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Author Topic: News today  (Read 876 times)
Delmer
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Location: Arden, NC

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« on: March 26, 2009, 09:37:30 PM »

http://www.foxnews.com/story/0,2933,510761,00.html

Four people in La Mesa, Calif. are recovering in the hospital after being attacked by a swarm of “killer” bees.

A 79-year-old woman was stung 30 to 50 times by the Africanized bees. Her 82-year-old husband was stung 20 times, San Diego 6 News reported Thursday.

The two other victims include a 36-year-old woman and her 5-year-old son.

The La Mesa Fire Department and a professional beekeeper were called in to destroy the hive located on the roof of a house.

"They (the bees) have a bad attitude,” beekeeper Mike Zito told the news station. “They're a lot more aggressive, and they're a lot more territorial."

Firemen used a fire extinguisher with soapy water to “neutralize” the hive.

On Saturday, a 53-year-old man was hospitalized after being stung "a couple thousand times" in what authorities are calling the worst bee attack around Las Vegas in 20 years.

Clark County Fire Department spokesman Scott Allison said the man accidentally disturbed a nest of "killer" bees when he overturned a boulder while operating a backhoe.

The man was listed in stable condition Monday in the intensive care unit at St. Rose Dominican Hospital-Siena campus.

While not native to the U.S., Africanized bees are well established in southern Nevada.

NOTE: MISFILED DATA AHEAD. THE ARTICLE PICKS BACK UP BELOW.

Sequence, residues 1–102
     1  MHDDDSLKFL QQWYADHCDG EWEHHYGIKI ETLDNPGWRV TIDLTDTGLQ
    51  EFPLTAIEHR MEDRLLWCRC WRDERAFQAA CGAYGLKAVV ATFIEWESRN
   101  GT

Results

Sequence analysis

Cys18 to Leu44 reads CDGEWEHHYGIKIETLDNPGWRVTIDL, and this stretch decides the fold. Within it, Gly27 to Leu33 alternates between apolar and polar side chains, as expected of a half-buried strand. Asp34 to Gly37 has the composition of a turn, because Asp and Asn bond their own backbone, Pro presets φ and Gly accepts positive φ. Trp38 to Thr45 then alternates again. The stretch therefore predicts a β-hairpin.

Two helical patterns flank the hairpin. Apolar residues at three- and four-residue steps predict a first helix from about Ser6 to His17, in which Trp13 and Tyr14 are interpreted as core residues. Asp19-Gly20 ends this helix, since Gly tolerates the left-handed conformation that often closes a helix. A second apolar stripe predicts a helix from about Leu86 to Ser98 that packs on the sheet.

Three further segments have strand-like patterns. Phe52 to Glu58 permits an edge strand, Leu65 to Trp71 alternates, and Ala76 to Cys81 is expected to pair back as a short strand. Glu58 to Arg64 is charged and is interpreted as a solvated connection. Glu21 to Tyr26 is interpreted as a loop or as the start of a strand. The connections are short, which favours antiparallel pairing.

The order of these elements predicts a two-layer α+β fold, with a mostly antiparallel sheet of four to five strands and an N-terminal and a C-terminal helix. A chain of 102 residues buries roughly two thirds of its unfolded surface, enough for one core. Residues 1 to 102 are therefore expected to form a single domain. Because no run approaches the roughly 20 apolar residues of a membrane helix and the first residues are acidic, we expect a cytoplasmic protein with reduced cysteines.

In 2000, a 77-year-old Las Vegas woman was stung about 500 times and survived. In 2003, a horse in Pahrump died after being attacked.

Allison says he has been with the department for 20 years, and can't recall such a bad attack around Las Vegas.


I'm starting my beekeeping journey this spring with two hives of Italians-  Given this news my wife is now pretty concerned.  I had been telling her that this is rare, and shouldn't be a problem.  Is there any way to tell if a colony has become 'a killer' other than the hive becomes aggresive?  Thanks
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tlynn
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« Reply #1 on: March 26, 2009, 09:56:02 PM »

Tell her not to be concerned.  It's like a plane crash when it hits the news - makes flying sound pretty scary, but the liklihood of any of us wandering into an aggressive hive and getting stung to death has to be as remote as being killed in a plane crash.

It would be interesting to know if the bees were actually tested for African genes.  They have to look at DNA markers to confirm it.  I think most people are pre-disposed to calling an attack Africanized bees or killer bees, especially journalists.  I'm sure Brendhan has some thoughts here...

I know some folks on this site have had very hot hive experiences and solved them within a couple months by requeening.  At least for me, I have Italians and Russians and they are all very polite.  I can mow the lawn around them without any interest.  That's not to say they can't change, yet mine are in close proximity to our outdoor activities and we have had no aggressiveness, even with large honey stores in fall.  I respect the area in front of the hives and have no problems.